The majority of participants, or 94%, had underwent 1 prior autologous stem cell transplant, and 34% of patients had undergone more than 1 procedure. Additionally, 88% of participants reported to have received bridging therapies during CAR T-cell manufacturing, but only 4% had responded to the treatment they were given. Ninety-four percent of patients were refractory to anti-CD38 antibodies, while 84% were triple refractory.
In the trial, 4 patients received CAR+ T cell doses of 150 x 106, 70 patients received a 300 x 106 dose, and 54 patients received the 450 x 106 dose. The median follow-up for the three dosing cohorts was 18 months, 15.8 months, and 12.4 months, respectively. Overall, the median follow-up was 13.3 months.
The primary end point of the trial was ORR, and key secondary end points included CR, DOR, progression-free survival (PFS), overall survival (OS), and quality of life.
Notably, durable responses were observed across all dose cohorts, although ide-cel proved to be most effective when given at the target dose of 450 x 106 CAR+ T cells. For patients who received the therapy at that dose, the ORR was 82%, which included a 39% CR rate. The median DOR was 11.3 months and the median PFS was 12.1 months.
Clinically meaningful efficacy in terms of ORR were reported across subgroups, irrespective of age, risk categorization, tumor burden, BCMA expression level, extramedullary disease, triple-refractory status, penta-refractory status, and bridging therapy.
The median PFS was 8.8 months with ide-cel. However, PFS benefit was found to increase as the target dose increased. Specifically, at the 450 x 106 CAR+ T-cell dose, the median PFS was 12.1 months (95% CI, 8.8-12.3). The median PFS also increased by depth of response with a median of 20.2 months (95% CI, 12.3—not evaluable [NE]) among those who experienced a CR/sCR.
Although the survival data were still immature at the time of the presentation, the median OS was 19.4 months (95% CI, 18.2–NE) among all patients who received the therapy. The 1-year OS rate with ide-cel was 78%.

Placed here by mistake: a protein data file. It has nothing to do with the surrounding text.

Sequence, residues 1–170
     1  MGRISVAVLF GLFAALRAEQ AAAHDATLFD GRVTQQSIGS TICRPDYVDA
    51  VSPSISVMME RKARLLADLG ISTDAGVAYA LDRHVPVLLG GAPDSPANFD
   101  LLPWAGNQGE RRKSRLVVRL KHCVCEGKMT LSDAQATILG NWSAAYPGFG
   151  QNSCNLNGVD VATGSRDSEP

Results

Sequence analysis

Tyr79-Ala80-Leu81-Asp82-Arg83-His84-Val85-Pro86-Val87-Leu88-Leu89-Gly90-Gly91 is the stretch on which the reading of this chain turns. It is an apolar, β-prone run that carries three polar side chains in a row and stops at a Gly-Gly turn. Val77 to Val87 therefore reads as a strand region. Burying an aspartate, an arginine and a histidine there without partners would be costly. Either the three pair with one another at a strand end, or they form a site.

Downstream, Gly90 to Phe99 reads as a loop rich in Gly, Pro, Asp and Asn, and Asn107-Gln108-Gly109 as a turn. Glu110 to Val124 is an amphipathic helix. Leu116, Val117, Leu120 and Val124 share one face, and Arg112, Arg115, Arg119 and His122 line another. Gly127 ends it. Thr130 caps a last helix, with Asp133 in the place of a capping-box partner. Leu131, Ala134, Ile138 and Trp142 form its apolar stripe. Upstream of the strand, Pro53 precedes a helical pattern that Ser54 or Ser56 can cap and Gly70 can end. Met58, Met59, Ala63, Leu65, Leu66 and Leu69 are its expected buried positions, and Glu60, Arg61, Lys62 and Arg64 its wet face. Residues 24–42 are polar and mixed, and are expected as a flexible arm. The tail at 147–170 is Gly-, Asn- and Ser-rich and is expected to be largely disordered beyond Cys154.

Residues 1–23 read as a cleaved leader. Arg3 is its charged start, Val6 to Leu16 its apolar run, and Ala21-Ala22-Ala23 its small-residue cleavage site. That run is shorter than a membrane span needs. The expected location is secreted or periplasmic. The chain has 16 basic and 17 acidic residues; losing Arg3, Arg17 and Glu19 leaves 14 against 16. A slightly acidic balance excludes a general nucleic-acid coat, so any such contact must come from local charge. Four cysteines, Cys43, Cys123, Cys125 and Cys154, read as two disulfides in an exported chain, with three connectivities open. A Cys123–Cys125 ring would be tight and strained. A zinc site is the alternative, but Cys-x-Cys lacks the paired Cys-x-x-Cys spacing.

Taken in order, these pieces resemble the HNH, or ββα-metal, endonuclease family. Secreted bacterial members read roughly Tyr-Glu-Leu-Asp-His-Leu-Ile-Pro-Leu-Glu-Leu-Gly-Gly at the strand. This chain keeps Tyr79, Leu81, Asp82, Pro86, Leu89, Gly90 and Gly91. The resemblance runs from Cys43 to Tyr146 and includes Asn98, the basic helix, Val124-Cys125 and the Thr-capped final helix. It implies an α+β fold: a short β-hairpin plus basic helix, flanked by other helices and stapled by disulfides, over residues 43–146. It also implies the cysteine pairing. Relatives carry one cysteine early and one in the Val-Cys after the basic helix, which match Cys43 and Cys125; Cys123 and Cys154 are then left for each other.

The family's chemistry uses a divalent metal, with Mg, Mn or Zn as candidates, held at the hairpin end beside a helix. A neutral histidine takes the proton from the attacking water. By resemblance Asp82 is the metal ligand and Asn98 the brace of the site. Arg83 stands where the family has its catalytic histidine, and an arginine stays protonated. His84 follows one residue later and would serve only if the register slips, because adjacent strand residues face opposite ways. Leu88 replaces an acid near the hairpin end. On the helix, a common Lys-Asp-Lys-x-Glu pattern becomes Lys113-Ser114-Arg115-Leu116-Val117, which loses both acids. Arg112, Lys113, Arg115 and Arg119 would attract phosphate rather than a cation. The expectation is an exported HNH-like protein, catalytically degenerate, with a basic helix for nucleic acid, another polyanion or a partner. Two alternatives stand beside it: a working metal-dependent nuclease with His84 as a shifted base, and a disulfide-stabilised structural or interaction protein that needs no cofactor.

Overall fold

With regard to safety, the frequency of cytokine release syndrome (CRS) was found to increase with the dose; however, these effects were considered to be mostly low grade. Eighty-four percent of patients experienced ≥1 CRS event, with 78% of cases being grade 1/2. Five cases of grade 3 CRS were reported, 1 case of grade 4, and 1 case of grade 5. The median time to onset of CRS was 1 day and the median duration of the effect was 5 days.
Moreover, 18% of patients experienced ≥1 neurotoxicity event. In total, 19 cases of grade 1/2 neurotoxicity were reported, and there were 4 grade 3 cases. No grade 4 or 5 cases were observed. The median time to onset of neurotoxicity was 2 days with a median duration of 3 days.
Ninety-one percent of patients experienced any-grade neutropenia (89% grade ≥3), and more than half, or 63%, (52% grade ≥3) reported any-grade thrombocytopenia.
Five deaths were reported within 8 weeks of ide-cel infusion; 2 followed disease progression and 3 were due to adverse effects (AEs), namely CRS, aspergillus pneumonia, and gastrointestinal hemorrhage. One other AE-related death, related to cytomegalovirus, occurred within 6 months; this was in the absence of myeloma progression.
The CAR T-cell therapy has previously received a breakthrough therapy designation from the FDA for relapsed and refractory multiple myeloma. The agent has also received a PRIME designation by the European Medicines Agency (EMA) for the same population; its Marketing Authorization Application has also been validated by the EMA.